"Former Harris County District Attorneys Johnny Holmes and Charles "Chuck" Rosenthal left a deplorable legacy of prosecutorial misconduct involving cases where prosecutors not only withheld clearly exculpatory information but fabricated evidence, including the knowing use of perjured testimony, to secure criminal conviction-even in death penalty cases. The administration of these two former district attorneys, which spanned nearly 30 years, was proud of their "win-at-any-costs" philosophy that ultimately morphed into unofficial policy"
"Robert Fickman, a defense lawyer and past-president of the Harris County Criminal Lawyer's Association, commended Rosenthal for the experienced lawyers he's placed in key positions and acknowledged that much of the criticism that's levelled at him may not be fair.
But, he said, there's a general perception in the defense bar that "he doesn't rein in loose cannons on his staff, that he lets people on his staff engage in conduct that's aggressive to the point of being borderline behavior."
Rosenthal himself faced such accusations as a young prosecutor in Holmes' office."
"There are many good reasons to believe that Chuck Rosenthal should not be the district attorney in Harris County, Texas ... or anywhere else. He leads the nation in his aggressive use of the death penalty and refused to change that stance in the face of evidence that the Houston crime lab was falsifying data. When a grand jury asked Rosenthal to recuse himself from the investigation of that scandal on the ground that he was up to his neck in it, he declined. He defended his office's reliance on false testimony to support a conviction although he had the good grace to apologize for one of the many wrongful convictions for which his office is responsible."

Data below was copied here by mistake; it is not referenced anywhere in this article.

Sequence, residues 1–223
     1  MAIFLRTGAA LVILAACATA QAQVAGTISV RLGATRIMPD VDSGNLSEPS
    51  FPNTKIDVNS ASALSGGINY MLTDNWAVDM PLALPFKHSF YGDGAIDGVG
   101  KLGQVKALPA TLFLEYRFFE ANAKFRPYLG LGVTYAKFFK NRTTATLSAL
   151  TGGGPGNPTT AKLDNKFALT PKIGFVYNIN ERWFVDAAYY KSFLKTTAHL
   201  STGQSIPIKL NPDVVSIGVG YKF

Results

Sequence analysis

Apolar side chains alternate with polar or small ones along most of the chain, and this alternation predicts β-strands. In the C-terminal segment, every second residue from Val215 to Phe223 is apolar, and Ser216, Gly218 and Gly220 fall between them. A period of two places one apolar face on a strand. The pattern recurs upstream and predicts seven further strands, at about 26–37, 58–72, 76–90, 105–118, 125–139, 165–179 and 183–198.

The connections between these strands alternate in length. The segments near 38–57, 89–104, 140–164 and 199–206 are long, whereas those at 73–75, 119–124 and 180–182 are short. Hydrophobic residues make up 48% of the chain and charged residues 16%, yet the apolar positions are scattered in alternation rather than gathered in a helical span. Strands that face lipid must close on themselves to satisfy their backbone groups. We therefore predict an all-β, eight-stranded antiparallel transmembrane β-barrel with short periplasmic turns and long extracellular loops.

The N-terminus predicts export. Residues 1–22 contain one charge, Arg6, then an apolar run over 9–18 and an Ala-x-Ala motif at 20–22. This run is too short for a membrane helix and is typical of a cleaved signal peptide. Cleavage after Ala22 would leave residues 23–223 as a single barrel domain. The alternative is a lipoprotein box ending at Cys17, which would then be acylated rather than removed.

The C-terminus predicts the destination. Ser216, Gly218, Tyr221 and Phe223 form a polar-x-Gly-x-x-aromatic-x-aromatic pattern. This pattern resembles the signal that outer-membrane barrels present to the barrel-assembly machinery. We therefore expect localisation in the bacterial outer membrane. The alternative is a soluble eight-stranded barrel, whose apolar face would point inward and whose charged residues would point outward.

The realization that 8 years of such a bloody cluster-fuck could be shoved down the memory hole by an entire city is startling; although his eventual successor, Pat Lykos, did establish a unit whose purpose was to examine wrongful-conviction cases, it appears that little has been done to right the wrongs. If you can't produce exonerating DNA evidence (which has happened in a surprising number of cases, probably due to the Crime Lab's shocking malfeasance), you're screwed. Your only option is the Texas Court of Criminal Appeals, which we'll talk about later.